A study at Cambridge University found that pet owners have fewer ailments and their overall well-being was improved.  A pet can have positive effects on its owner (s). Here are a few of the potential benefits.

  • Lower blood pressure and reduce stress.
  • Elevate mood and reduce loneliness, isolation and depression.
  • Lead to more social contacts and open the door to making new friends.
  • Create movement and increase exercise.
  • Fewer visits to the doctor and take fewer amounts of medications.
  • Offer unconditional love and daily doses of affection.
  • Offer a sense of security.
  • Help to deal with the loss of a spouse and other loved ones.
  • Provide an outward focus and decrease the emphasis on  personal problems.

Once you have known the experience of unconditional love and the many health benefits involved with caring for a pet, you realize the valuable role they play in your life and gladly take on the additional level of responsibility.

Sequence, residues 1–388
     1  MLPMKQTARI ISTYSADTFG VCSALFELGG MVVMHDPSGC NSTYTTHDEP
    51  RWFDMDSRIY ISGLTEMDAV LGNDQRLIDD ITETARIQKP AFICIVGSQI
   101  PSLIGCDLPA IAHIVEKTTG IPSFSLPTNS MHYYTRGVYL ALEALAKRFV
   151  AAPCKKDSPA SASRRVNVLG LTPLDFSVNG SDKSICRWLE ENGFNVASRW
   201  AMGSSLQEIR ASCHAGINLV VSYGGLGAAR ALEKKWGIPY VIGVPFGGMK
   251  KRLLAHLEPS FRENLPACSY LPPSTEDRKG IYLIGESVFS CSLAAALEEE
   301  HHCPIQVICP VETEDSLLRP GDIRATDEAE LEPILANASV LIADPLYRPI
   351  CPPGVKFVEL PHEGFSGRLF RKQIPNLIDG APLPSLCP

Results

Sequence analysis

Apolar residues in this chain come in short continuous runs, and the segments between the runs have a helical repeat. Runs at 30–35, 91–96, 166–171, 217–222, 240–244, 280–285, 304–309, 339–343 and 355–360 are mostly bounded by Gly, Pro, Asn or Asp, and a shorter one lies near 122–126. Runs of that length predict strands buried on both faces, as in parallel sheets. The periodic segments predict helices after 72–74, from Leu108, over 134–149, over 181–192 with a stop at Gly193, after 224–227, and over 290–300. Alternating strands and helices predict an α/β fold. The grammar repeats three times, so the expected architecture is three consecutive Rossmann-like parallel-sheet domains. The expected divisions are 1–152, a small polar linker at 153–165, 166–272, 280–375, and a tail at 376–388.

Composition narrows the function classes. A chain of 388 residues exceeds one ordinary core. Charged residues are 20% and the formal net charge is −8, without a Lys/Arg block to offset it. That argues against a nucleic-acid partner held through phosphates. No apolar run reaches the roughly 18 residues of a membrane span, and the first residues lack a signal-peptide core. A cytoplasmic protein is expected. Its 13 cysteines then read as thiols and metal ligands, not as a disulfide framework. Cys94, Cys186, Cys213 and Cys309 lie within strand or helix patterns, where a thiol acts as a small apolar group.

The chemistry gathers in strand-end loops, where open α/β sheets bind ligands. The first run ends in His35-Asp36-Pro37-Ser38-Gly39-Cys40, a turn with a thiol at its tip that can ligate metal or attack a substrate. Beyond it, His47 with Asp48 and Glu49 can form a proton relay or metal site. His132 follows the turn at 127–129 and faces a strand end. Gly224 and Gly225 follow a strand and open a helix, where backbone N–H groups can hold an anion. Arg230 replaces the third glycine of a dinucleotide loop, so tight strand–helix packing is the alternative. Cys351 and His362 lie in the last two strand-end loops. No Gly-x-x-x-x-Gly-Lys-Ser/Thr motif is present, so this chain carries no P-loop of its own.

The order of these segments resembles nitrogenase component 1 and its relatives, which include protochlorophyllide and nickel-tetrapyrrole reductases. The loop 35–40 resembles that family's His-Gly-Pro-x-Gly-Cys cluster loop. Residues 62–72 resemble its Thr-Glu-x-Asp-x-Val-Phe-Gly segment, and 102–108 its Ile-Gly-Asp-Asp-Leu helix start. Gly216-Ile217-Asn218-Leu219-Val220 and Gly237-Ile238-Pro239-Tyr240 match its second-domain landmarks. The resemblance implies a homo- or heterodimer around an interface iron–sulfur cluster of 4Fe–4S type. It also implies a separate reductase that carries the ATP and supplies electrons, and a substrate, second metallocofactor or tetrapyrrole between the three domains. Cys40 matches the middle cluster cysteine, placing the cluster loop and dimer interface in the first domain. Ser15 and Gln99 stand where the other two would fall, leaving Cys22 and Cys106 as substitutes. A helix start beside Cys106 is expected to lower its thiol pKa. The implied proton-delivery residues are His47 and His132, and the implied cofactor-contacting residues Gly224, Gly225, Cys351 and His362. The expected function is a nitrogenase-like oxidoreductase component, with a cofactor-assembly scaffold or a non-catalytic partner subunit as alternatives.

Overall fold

References:

http://www.helpguide.org/life/pets.htm

https://www.avma.org/KB/Resources/Statistics/Pages/Market-research-statistics-US-pet-ownership.aspx

http://www.nydailynews.com/life-style/horoscopes/companion-health-benefits-owning-pet-article-1.1598729

http://newsroom.heart.org/news/pets-may-help-reduce-your-risk-of-heart-disease

Written by:  Cindy Shuster, CFLE, Extension Educator, Family and Consumer Sciences, OSU Extension, Perry County, Buckeye Hills EERA

Reviewed by:  Liz Smith, R.D., L.D., Program Specialist, SNAP-Ed, OSU Extension, North East Region

Reviewed by:  Kim Barnhart, Office Associate, OSU Extension, Perry County, Buckeye Hills EERA